By Daniel Reskin
By Hans Morgenstern
By George Martinez
By Pablo Chacon Alvarez
By Ciara LaVelle
By New Times Staff
By Rich Robinson
By Hannah Sentenac
There is much to savor and even more to contemplate in Nilo Cruz's new play Beauty of the Father, now receiving a visually compelling world premiere at the New Theatre, www.new-theatre.org the third world premiere of a Cruz play at the Coral Gables space in as many seasons. The production offers several pleasures, first and foremost of which is Cruz's poetic, luxuriant language. Listening to Beauty is like floating in a tropical, flower-scented river of words, to use a Cruzian simile. That river may meander and its current may seem awfully slow, but that's really part of its charm. Cruz isn't interested in white-water adventures, in taking you somewhere else in a blinding rush. He's more into exploring the expanding dimensions of emotional and tactile experience. Time slows down in Cruz's plays -- it's meant to -- but awareness heightens. The words, the poetry, and the imagery behind them, when well spoken, become an act of seduction. This writer is into aural sex.
Beauty of the Father traces several of Cruz's recurring themes -- alienation, reconciliation, romantic rivalry, and sex as a confusing, disruptive force -- which were central to his Pulitzer Prize winner, Anna in the Tropics, as well as Hortensia and the Museum of Dreams, both of which also preemed at the New. Like those plays, Beauty begins with an arrival from across the sea. In a Spanish seaside village a sculptor, Emiliano, awaits his long-estranged daughter, Marina, who is coming from the United States to visit him after the death of her mother, Emiliano's ex-wife. Emiliano, who fled the family years before, has constructed a new life as an exile, sculpting and carousing with his sometime paramour Paquita. But his deeper needs remain unresolved.
He hungers to reconnect with Marina, but she's wary and distant at first. Emiliano's frustration with Marina increases when she befriends, then begins to flirt with his protégé and tenant, a young Moroccan immigrant named Hakim. What Marina doesn't know and Emiliano keeps secret is that he is desperately in love with Hakim himself. But that's not Emiliano's only secret. He's also being visited by the ghost of Federico Garcia Lorca, the great Spanish poet, who, though ever present, is invisible to the other characters. His mysterious entrance into Emiliano's troubled life could spell either salvation or doom.
Much if not all of this story springs from aspects of Cruz's own life, either as reportage, wish fulfillment, or both. Certainly Cruz is heavily indebted to Lorca's style and sensibilities -- he is haunted by Lorca as surely as Emiliano is -- and the strongest relationship in this play is between Emiliano and Lorca, who adds both wry commentary and an impish sense of humor. This comedic impulse also happily infects the other characters. There's a sense of the joy of living in this tale, despite its darker tonalities of betrayal and loss.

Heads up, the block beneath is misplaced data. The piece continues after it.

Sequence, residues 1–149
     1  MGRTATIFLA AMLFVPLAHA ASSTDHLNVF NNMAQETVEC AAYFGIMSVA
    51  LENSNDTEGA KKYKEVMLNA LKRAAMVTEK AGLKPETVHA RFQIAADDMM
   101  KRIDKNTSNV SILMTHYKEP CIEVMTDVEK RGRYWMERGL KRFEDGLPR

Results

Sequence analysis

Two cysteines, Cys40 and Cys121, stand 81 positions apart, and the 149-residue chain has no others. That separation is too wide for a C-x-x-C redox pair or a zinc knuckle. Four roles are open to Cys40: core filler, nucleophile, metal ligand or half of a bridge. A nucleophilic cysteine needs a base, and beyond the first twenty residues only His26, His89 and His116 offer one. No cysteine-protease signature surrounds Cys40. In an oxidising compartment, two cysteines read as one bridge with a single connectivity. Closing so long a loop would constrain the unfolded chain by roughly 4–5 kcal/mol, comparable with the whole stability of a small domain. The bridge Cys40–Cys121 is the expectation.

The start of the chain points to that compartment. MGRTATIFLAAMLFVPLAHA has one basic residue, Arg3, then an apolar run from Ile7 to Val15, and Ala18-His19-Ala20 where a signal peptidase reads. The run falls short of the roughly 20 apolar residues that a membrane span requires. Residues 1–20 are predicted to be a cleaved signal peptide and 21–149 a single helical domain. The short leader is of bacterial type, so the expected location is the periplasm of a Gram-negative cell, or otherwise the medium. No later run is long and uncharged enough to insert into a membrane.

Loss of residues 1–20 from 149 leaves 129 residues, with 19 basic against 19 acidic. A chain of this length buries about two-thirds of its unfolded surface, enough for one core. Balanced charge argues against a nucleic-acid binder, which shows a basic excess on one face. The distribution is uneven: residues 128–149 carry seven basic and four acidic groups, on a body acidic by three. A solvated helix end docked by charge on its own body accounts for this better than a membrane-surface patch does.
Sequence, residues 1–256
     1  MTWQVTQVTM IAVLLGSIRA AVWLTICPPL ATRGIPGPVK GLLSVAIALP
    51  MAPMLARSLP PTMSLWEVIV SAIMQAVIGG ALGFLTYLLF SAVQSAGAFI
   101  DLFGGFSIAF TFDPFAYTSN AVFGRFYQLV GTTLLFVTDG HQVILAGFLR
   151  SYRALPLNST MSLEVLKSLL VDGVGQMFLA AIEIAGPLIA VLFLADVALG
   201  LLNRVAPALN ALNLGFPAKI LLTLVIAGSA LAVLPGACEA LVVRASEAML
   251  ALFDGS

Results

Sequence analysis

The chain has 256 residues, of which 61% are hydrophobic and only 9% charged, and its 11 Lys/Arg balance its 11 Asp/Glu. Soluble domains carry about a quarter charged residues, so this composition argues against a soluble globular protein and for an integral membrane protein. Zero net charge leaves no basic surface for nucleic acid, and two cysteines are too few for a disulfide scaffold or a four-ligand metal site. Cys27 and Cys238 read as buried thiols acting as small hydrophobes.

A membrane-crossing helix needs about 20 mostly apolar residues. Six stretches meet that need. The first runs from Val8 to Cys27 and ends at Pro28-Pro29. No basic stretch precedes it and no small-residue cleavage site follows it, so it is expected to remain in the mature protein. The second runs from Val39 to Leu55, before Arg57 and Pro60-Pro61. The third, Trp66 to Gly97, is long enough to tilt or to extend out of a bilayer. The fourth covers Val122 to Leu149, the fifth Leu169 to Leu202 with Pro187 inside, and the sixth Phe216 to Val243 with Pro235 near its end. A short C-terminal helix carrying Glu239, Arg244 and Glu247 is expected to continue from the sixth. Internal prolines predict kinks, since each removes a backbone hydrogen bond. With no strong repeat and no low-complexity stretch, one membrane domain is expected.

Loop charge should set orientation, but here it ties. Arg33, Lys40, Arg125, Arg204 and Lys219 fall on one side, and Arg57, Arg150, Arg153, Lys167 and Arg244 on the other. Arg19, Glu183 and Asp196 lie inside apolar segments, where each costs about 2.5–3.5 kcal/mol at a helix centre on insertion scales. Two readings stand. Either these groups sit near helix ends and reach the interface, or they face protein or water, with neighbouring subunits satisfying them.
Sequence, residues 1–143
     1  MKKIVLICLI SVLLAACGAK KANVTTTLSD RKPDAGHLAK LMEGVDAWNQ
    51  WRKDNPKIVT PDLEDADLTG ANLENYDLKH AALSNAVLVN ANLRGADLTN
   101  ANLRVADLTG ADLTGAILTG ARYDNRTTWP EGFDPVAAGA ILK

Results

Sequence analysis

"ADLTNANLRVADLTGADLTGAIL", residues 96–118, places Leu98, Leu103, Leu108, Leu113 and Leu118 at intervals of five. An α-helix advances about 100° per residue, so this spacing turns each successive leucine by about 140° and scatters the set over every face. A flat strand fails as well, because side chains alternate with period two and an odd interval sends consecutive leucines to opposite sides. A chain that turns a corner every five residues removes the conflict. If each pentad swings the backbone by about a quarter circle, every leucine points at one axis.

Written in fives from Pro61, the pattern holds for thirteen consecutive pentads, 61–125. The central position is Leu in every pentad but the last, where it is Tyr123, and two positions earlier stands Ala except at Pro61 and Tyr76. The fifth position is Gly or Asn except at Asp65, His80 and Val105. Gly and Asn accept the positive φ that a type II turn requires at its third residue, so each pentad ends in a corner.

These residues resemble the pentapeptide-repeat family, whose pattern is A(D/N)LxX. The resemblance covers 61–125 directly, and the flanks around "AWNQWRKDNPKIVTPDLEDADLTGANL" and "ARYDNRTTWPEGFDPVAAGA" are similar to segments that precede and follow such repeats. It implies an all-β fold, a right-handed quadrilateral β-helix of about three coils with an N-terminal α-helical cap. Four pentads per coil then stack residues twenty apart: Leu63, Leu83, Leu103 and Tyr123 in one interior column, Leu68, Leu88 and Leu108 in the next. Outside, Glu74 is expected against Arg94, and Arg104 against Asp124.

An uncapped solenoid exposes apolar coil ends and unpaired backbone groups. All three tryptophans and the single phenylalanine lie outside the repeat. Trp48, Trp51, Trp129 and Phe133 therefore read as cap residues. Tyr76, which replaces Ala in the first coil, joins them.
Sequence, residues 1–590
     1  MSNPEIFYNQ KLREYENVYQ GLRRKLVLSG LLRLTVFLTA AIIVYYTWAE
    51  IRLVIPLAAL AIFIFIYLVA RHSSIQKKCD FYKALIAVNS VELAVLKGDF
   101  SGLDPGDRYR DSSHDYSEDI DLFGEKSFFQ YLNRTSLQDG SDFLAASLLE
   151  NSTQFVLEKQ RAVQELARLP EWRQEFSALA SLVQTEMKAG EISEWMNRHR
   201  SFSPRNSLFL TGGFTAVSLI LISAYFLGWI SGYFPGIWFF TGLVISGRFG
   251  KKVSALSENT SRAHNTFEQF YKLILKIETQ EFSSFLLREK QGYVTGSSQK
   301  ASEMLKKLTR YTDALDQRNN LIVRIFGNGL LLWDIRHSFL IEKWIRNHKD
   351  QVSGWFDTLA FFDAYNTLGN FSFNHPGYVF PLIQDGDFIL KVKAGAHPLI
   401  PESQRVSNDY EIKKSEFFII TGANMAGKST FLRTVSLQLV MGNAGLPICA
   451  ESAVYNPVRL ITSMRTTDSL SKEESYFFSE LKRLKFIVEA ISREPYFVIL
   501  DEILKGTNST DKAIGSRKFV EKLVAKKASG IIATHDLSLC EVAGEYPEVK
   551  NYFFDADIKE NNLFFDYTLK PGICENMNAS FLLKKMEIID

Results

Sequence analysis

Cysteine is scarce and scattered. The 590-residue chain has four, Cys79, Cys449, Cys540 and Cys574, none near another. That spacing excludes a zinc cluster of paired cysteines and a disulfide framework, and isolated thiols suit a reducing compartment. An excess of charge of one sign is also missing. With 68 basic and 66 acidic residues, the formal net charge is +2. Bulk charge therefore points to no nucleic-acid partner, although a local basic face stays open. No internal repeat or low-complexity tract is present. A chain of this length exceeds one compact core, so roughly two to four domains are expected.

That said, the script could use some work. The poetry at times tips into self-indulgence. Some similes are bewildering: "That smile he had -- like a piece of bread." Huh? Certainly aspects of the storyline could use a tune-up as well. The plot, which seems to drift through much of the play until a rapid series of late-arriving crises, could be helped with more dramatic tension prior to its tempestuous finale. The central element, Marina's discovery of her father's relationship with Hakim, is dispatched in a less than potent way, when Paquita simply tells Marina what's up. Moreover Marina is already on to Emiliano's bisexuality, apparently from before the play begins.
Most of these issues swirl around the rather underwritten characterization of Marina, a good girl who's trying to do the right thing. Marina could use more fire, especially at the start -- her resentment of her father evaporates quickly and her easy acceptance of the secrets Emiliano is desperately trying to keep from her makes little dramatic sense. Cruz is trying to make sparks fly by striking flint with sea water: This Marina could use some steel.
As with his direction of the other Cruz plays, Rafael de Acha again shows a refined, sensual touch with this material. He uses the tiny stage to good effect, creating some dramatic friezes and isolated spotlights to make dreamlike moods. De Acha keeps wide distances between father and daughter -- Marina plays much of the first act as far as she can get from Emiliano, as if she's pressed against the theater's walls by a repelling force of fear and distrust. Meanwhile Lorca drifts in and out of scenes like a ghostly emcee, a pleasing contrapposto to the erotic standoff.
The acting company is an uneven blend of the New's regulars and some old cohorts of Cruz. As Emiliano, the artist in anguish, Roberto Escobar is solid if not scintillating, handling this difficult material with emotional honesty. When Teresa Maria Rojas as Paquita speaks Cruz's poetry, you see her struggling to find the exact word to express what she's feeling. Whether the actual words work as poetry or not doesn't diminish the dramatic effect -- the character is striving to communicate.